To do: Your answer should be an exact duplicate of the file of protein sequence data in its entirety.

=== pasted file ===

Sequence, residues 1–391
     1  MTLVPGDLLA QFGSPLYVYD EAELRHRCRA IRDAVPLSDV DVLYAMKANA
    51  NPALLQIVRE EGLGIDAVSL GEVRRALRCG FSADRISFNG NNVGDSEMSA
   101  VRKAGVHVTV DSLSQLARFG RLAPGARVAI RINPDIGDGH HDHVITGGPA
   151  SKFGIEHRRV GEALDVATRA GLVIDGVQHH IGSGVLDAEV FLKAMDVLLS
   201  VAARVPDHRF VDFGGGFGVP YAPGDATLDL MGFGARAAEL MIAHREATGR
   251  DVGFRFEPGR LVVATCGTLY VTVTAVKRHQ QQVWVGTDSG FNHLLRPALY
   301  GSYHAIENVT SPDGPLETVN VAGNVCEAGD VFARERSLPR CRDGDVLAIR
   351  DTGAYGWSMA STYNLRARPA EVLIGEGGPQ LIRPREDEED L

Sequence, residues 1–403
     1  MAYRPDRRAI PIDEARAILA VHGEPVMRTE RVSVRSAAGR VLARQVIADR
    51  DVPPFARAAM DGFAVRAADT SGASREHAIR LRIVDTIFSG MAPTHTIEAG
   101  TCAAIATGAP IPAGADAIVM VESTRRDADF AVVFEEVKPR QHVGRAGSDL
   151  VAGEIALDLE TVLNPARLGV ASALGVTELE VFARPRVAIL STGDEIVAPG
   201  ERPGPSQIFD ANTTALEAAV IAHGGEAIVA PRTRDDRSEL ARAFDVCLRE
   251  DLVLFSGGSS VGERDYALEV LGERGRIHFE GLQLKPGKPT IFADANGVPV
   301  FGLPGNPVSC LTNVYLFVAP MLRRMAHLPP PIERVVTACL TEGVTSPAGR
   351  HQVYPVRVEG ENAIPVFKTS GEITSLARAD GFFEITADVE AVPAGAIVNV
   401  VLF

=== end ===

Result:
Sequence, residues 1–391
     1  MTLVPGDLLA QFGSPLYVYD EAELRHRCRA IRDAVPLSDV DVLYAMKANA
    51  NPALLQIVRE EGLGIDAVSL GEVRRALRCG FSADRISFNG NNVGDSEMSA
   101  VRKAGVHVTV DSLSQLARFG RLAPGARVAI RINPDIGDGH HDHVITGGPA
   151  SKFGIEHRRV GEALDVATRA GLVIDGVQHH IGSGVLDAEV FLKAMDVLLS
   201  VAARVPDHRF VDFGGGFGVP YAPGDATLDL MGFGARAAEL MIAHREATGR
   251  DVGFRFEPGR LVVATCGTLY VTVTAVKRHQ QQVWVGTDSG FNHLLRPALY
   301  GSYHAIENVT SPDGPLETVN VAGNVCEAGD VFARERSLPR CRDGDVLAIR
   351  DTGAYGWSMA STYNLRARPA EVLIGEGGPQ LIRPREDEED L

Sequence, residues 1–403
     1  MAYRPDRRAI PIDEARAILA VHGEPVMRTE RVSVRSAAGR VLARQVIADR
    51  DVPPFARAAM DGFAVRAADT SGASREHAIR LRIVDTIFSG MAPTHTIEAG
   101  TCAAIATGAP IPAGADAIVM VESTRRDADF AVVFEEVKPR QHVGRAGSDL
   151  VAGEIALDLE TVLNPARLGV ASALGVTELE VFARPRVAIL STGDEIVAPG
   201  ERPGPSQIFD ANTTALEAAV IAHGGEAIVA PRTRDDRSEL ARAFDVCLRE
   251  DLVLFSGGSS VGERDYALEV LGERGRIHFE GLQLKPGKPT IFADANGVPV
   301  FGLPGNPVSC LTNVYLFVAP MLRRMAHLPP PIERVVTACL TEGVTSPAGR
   351  HQVYPVRVEG ENAIPVFKTS GEITSLARAD GFFEITADVE AVPAGAIVNV
   401  VLF